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Chappie and Bone- Two Sides of the Same Coin

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Introduction

Chappie and Bone- Two Sides of the Same Coin Rule of the Bone by Russell Banks tells of the story of a sexually abused teen drug addict named Chappie who becomes mature through a series of ordeals and his figurative rebirth. The story of Chappie is one of a troubled outlaw coming to term with the consequences of his own actions. Throughout the story, as Chappie encounters new people, such as The Adirondack Irons, I-Man, and Doc, his senses of morality, crime and drugs alters from an egocentric philosophy to an altruistic belief. Chappie is socially insecure and doesn't know the difference between what is right and what is wrong. Since his mother and stepfather are both alcoholics and neither chooses to form a strong positive emotional attachment to Chappie, the only way for him to get the attention that any kid would crave is to do things so startling that they have no choice but to converse with him, hence the Mohawk haircut and the nose and ear piercing. ...read more.

Middle

The transformation from Chappie to Bone begins after the departure of Russ from the Ridgeway's home. Enraged and feeling betrayed, Chappie plans for his departure back to the school bus. The first evidence of the emergence of Bone is when Chappie "took out my nose ring... and my earrings too, and laid them on the counter" (130), something that he has not done for nearly a year. Furthermore, Chappie snips off his Mohawk so as to not stand out. He then takes out Mr. Ridgeway's gun and, this time with considerations, shatters a window. The broken window symbolizes his broken relationship with his past self and those that he thought he knew. He completed his transformation by emerging out of the window and telling the world his new identity, hollering out the broken window "The Bone! The Bone! The Bone rules!" (133). Bone, unlike Chappie, is mature and conscientious of both his actions and the actions of others. After meeting I-Man and converting to Rastafarianism, he realizes his independence and develops a sense of self and purpose. ...read more.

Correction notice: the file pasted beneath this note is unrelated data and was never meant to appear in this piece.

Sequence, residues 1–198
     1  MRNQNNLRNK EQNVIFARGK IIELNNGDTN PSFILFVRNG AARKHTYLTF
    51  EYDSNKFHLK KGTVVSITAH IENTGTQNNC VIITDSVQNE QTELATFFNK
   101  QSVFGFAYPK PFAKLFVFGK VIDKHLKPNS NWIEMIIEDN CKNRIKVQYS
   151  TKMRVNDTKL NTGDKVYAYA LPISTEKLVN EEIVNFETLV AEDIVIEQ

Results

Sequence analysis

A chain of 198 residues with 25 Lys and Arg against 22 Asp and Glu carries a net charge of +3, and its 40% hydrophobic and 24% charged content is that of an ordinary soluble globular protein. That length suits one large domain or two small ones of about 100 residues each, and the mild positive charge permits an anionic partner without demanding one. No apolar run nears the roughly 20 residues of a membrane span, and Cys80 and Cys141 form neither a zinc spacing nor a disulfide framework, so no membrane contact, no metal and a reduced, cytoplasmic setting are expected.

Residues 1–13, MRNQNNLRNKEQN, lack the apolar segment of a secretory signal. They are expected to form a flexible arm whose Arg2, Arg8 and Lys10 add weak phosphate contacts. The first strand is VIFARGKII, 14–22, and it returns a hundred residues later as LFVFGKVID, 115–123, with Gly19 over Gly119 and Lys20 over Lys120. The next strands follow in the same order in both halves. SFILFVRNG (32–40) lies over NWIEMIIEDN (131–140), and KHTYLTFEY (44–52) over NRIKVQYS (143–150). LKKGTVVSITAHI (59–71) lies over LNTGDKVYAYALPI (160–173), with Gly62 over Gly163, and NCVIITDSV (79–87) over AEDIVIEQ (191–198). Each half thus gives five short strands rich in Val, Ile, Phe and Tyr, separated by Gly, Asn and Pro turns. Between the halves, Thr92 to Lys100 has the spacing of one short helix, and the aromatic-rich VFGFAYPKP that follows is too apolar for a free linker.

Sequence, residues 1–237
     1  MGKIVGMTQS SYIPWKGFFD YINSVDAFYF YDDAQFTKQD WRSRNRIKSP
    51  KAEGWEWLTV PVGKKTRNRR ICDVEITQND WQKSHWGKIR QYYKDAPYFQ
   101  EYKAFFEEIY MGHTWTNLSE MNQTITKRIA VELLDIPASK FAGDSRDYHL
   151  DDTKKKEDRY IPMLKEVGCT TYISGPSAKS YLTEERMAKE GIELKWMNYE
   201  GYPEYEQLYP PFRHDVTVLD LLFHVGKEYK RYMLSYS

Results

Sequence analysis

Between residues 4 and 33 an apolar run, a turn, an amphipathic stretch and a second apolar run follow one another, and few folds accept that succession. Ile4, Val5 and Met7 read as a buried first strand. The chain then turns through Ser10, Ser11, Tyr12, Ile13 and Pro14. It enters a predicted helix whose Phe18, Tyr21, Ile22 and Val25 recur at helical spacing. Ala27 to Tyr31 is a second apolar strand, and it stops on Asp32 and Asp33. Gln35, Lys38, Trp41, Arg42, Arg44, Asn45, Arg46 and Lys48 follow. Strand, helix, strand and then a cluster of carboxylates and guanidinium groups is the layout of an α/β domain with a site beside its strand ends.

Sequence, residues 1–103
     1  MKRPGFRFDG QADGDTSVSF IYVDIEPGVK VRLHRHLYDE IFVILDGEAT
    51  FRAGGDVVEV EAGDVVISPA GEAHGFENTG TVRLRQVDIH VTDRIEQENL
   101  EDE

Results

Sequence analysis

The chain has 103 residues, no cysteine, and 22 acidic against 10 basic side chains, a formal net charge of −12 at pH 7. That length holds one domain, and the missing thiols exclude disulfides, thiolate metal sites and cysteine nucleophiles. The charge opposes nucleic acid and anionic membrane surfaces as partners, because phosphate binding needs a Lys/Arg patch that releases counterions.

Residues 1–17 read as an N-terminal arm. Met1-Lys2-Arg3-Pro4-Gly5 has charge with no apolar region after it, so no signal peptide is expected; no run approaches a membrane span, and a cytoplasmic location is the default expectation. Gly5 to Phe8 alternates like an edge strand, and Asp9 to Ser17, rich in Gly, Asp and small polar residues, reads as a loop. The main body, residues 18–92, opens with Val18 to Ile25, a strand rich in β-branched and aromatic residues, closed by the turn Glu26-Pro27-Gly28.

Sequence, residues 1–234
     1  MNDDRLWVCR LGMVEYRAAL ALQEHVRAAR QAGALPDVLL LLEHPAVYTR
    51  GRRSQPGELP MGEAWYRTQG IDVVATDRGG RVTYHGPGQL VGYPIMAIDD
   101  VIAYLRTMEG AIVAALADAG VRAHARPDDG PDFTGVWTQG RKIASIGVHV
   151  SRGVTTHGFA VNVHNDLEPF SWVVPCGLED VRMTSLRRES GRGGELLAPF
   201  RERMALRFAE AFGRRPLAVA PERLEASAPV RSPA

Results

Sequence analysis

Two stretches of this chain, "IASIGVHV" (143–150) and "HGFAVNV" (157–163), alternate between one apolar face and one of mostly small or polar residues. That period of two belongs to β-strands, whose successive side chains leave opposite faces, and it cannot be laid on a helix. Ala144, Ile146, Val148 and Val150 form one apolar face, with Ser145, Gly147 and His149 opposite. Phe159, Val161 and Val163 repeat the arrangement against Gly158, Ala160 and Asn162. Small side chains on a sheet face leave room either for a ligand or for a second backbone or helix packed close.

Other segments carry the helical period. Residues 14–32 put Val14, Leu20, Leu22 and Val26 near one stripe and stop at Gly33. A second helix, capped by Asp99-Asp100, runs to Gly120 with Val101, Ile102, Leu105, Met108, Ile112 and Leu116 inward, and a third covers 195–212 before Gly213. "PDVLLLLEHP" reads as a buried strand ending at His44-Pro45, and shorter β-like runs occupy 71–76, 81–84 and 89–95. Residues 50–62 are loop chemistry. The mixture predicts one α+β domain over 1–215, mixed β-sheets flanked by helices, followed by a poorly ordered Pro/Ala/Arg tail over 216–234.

Conclusion

The addict like behavior he once exhibited has faded away along with his relationship with Russ. When he sees Russ getting in the car of Evening Star, he does nothing to stop him, thinking "it would have been me, if it hasn't been for Sister Rose and I-Man and everything I'd learned about myself" (384), leaving Russ to the whim of the powers that be. He now sees Russ as not someone to be revered, but someone who has put on a cloak of ignorance once worn by Chappie. The story of Bone is a tale of figurative rebirth and transformation, and the changes in his view of morality, drugs, and crime among other things. The actions of Chappie is not unlike that of hundreds of other urban youth that loiter back alleys, malls, and parking lots, panhandling, dealing drugs, shoplifting, and committing other transgressions just to survive in a world where their parents have abandoned them, not necessarily physically, but mentally, but rarely do those children experience the joy and wonder of the world and the lessons that Bone has experienced and learned from I-Man, Rose, and Bruce. ...read more.

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